Jellyfish stings and rashes after swimming in the sea can be painful.
Rashes, stings and bites can sometimes spoil your swim at Auckland beaches, especially as the water gets warmer. Some beaches are affected more than others, and this may change from day to day.
Rashes, stings and bites can be caused by a range of sea life, some of which are too small to see. These include jellyfish, anemones and sea lice right up to the more obvious crabs, stingrays and sharks. In many cases it will not be obvious which life form was involved – so making it difficult to give generic advice.
For example, there are at least three types of jellyfish in New Zealand known to cause stings, but there are many types of jellyfish around Auckland’s shores which are harmless.
Microscopic jellyfish can sting. As they are so small and almost transparent, they can get trapped unnoticed in swimwear, or hair, while swimming. As a swimmer gets out of the sea, water drains from the swimwear and traps the jellyfish between the fabric and the skin, causing the stinging cells to release their toxin.
The consequent rash (also called “sea bather’s eruption”) is commonly reported and may not appear until well after the person has left the sea. The rash becomes itchy and sore, and can vary from mild to severe, lasting up to a week. Children and people with allergies may get more severe reactions and can become unwell for several days.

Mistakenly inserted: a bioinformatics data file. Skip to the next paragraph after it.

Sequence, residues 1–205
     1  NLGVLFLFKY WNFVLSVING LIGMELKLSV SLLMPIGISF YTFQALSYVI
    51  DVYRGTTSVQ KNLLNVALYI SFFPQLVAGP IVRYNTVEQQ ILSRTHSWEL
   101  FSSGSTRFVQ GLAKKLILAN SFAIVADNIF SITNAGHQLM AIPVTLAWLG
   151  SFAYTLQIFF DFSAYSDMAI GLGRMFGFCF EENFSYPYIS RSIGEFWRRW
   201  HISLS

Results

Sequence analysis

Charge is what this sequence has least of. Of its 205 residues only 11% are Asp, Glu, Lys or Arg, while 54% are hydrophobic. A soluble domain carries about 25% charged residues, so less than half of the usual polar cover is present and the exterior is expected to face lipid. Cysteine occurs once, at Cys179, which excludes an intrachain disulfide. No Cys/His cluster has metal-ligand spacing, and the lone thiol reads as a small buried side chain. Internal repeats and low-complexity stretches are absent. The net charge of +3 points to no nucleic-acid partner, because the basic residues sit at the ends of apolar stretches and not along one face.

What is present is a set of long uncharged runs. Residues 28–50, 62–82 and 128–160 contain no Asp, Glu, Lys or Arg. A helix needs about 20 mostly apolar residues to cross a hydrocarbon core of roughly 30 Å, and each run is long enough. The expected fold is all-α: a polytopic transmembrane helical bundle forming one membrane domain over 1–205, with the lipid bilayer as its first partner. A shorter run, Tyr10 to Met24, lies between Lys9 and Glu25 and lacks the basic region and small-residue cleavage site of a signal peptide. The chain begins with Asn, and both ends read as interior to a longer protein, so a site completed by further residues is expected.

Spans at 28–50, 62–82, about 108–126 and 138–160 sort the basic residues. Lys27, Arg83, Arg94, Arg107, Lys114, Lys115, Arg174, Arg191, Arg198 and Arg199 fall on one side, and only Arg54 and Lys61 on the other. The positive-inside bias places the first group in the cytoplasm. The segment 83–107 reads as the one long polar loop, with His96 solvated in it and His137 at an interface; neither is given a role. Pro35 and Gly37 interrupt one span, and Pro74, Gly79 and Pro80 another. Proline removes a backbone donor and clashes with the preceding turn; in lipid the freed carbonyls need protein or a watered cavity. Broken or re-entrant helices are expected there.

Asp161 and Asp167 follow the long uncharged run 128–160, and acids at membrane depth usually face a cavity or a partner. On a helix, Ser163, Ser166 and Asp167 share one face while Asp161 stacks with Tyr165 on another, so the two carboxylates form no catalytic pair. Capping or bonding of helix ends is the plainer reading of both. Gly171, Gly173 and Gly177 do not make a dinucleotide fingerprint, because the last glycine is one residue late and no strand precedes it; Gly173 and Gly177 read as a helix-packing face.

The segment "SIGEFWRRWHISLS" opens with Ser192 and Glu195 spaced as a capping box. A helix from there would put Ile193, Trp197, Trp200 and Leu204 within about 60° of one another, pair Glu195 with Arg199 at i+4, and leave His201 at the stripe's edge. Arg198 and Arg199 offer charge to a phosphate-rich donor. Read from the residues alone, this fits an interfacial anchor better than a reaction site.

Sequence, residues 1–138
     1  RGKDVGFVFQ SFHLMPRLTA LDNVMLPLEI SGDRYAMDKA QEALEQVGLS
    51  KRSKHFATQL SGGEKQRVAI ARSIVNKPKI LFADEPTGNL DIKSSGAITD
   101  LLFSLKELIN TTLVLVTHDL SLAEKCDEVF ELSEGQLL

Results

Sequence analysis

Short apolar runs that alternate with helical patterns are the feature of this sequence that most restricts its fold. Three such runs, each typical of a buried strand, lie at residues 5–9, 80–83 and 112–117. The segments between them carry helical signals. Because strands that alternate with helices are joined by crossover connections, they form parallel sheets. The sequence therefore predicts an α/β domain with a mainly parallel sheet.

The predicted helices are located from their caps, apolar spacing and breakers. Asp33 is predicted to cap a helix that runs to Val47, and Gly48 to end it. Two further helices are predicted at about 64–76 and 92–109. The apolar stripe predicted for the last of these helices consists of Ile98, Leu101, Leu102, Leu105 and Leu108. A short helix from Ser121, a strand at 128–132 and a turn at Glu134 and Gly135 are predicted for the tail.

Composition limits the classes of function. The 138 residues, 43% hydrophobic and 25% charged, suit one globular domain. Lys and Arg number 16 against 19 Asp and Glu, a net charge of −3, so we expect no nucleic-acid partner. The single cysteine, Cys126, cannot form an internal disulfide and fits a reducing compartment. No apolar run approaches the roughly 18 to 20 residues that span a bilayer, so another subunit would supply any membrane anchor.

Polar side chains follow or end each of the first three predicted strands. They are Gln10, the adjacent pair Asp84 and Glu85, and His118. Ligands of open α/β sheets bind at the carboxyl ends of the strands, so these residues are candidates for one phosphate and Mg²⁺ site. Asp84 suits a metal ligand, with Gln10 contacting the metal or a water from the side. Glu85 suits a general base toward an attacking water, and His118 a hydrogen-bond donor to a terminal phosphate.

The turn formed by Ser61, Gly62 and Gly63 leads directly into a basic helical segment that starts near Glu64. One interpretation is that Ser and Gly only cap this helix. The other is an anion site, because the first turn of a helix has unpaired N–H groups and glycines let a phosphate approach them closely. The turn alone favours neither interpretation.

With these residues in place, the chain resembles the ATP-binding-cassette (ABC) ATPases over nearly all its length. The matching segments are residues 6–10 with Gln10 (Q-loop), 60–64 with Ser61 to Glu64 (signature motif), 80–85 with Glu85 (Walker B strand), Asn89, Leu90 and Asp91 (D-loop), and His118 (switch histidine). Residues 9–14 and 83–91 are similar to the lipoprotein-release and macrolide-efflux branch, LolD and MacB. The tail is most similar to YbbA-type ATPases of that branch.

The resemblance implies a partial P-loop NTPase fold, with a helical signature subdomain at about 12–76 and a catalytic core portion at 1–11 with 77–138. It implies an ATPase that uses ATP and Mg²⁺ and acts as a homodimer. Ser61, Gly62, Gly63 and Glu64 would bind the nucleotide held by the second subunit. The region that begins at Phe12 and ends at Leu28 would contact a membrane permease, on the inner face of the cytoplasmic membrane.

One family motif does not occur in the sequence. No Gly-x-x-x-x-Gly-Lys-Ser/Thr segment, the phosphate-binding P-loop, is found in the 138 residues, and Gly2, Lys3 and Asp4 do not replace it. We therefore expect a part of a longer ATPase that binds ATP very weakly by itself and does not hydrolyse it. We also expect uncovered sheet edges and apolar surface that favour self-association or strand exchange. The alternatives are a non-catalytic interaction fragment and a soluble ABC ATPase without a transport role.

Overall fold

Bluebottle jellyfish sometimes occur around our coast. They produce a nasty sting and people should stay out of the water if these jellyfish are known to be present.
For more information including treatment options, see the Ministry of Health website.
If you are concerned, call Healthline on 0800 611 116 or see your doctor or practice nurse.
Auckland Regional Public Health Service supports Auckland Council with messages regarding health and safety on beaches and when swimming.
ARPHS is a partner with Auckland Council for the Safeswim programme, which publishes information about the health risks at popular Auckland region beaches. Information on the Safeswim website is updated regularly and covers water quality, advice about sun protection, beach hazards, dangerous animal sightings and tidal conditions.
Last updated 7.1.2020